Jomaa Confesses: Jihadists Wanted to Establish 'Emirate' with Zureiqat as Leaderإقرأ هذا الخبر بالعربية
The jihadists who overran Arsal in early August wanted to establish an Islamic "emirate" straddling northern and eastern regions and linked to Syria's Qalamun with Sirajeddine Zureiqat, a spokesman of the Abdullah Azzam Brigades, as its "emir," a media report said on Monday.
"Imad Jomaa, whose arrest sparked the clashes (with the Lebanese army), confessed during preliminary investigations that Abou Malek al-Souri, emir of the al-Nusra Front in Qalamun, and the 29 armed groups under his command had agreed before Jomaa's capture to wage a joint attack on Arsal,” LBCI TV reported.
On August 2, deadly fighting erupted in and around Arsal, leaving 19 soldiers, 16 civilians and dozens of jihadists dead. The clashes ended with a truce negotiated by Lebanese Sunni clerics, but the jihadists withdrew from the area taking around 34 captive security personnel with them.
The assault on the town aimed to “turn it into a launchpad for attacks against other Lebanese towns and against the Lebanese Army in order to create a bigger conflict zone stretching from Syria's Qalamun and the Bekaa to the (Lebanese) north,” Jomaa reportedly confessed.
An Islamic “emirate” was supposed to be subsequently proclaimed, with Zureiqat as its leader, the detainee added.
He told interrogators that he was personally tasked with “coordinating the operation” and that seven groups were supposed to seize control of the army's posts in Arsal before moving to conquer Lebanese towns in the Bekaa and the North.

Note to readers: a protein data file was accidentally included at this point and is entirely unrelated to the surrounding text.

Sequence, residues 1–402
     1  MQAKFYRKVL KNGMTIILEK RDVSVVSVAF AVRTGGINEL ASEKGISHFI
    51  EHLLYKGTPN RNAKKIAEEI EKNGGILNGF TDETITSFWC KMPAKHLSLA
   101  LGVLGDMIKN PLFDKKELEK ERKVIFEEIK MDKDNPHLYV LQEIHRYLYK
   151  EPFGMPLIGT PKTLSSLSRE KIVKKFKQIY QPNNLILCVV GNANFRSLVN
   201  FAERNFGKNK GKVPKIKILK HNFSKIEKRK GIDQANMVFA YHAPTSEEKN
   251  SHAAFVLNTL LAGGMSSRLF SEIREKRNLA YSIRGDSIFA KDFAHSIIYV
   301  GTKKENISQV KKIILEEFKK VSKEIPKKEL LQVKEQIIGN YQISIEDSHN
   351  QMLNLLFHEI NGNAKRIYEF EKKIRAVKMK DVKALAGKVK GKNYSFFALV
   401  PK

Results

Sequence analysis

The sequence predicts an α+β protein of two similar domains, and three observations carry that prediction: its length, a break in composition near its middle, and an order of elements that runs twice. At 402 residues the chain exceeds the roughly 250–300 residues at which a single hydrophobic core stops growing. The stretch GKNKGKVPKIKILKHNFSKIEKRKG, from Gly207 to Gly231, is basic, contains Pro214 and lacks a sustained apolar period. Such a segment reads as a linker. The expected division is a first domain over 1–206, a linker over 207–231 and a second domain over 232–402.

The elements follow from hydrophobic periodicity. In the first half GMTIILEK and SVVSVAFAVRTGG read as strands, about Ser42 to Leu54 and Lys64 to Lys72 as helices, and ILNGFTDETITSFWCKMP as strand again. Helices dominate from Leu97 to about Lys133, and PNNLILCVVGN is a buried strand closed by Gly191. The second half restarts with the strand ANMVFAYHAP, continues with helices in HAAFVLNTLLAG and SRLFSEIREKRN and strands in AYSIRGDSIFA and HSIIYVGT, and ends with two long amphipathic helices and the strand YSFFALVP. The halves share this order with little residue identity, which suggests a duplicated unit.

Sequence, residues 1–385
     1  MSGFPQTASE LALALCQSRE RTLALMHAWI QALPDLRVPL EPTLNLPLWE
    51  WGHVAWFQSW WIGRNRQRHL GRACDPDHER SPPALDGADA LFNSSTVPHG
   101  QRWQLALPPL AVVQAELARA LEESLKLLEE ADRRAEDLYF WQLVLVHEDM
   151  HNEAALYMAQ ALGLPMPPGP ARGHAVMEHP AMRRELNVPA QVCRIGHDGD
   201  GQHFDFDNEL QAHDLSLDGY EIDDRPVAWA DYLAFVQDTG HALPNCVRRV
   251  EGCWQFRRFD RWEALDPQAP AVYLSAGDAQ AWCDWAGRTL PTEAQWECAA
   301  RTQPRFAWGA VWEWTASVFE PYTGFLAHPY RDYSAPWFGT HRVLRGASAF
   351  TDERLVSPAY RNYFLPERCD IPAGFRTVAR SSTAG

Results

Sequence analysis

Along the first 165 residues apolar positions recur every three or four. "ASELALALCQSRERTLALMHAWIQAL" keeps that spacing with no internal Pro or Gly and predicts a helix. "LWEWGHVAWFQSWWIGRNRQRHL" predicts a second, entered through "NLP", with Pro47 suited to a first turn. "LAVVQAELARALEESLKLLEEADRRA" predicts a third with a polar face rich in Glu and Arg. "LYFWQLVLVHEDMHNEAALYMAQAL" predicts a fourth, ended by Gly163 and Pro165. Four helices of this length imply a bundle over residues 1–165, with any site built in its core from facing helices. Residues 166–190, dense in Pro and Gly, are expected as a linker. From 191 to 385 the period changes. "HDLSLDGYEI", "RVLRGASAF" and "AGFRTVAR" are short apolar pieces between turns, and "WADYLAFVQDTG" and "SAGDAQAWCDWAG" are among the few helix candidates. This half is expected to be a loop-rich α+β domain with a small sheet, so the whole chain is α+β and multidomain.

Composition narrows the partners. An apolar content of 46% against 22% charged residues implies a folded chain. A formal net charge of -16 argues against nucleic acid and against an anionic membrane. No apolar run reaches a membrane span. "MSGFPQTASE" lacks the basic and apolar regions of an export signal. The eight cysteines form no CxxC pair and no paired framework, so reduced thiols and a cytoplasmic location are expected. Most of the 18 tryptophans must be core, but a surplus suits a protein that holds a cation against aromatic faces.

“Dormant cells in several Lebanese regions would have sought to create instability,” Jomaa added.
He noted that his arrest sparked the premature battle with the army, which was supposed to start on August 5.
The armed groups agreed on a “pact” on how to “deal with the Shiite and Christian villages after carrying out the operation,” Jomaa said.
According to the so-called pact, “the Rafida, or Shiites, represent the first target.”
“The greatest number possible of Hizbullah's men and women should be taken captive and anyone above 15 years old must be killed should they show any resistance,” reads the pact.
Christians and members of other sects would be spared “should they stay in their homes,” according to the jihadist agreement.
The pact also calls for taking hostage the highest number possible of army troops, especially officers, and killing anyone who resists.
Jomaa was known to be a member of al-Nusra Front, al-Qaida's Syria franchise, but a video that surfaced in recent weeks shows him pledging allegiance to the Islamic State, which reportedly appointed him as the leader of the extremist Fajr al-Islam Brigade.
Media reports have said that Abou Talal al-Hamad assumed leadership of the Brigade in the wake of Jomaa's arrest and that he is in charge of negotiating over the abducted troops.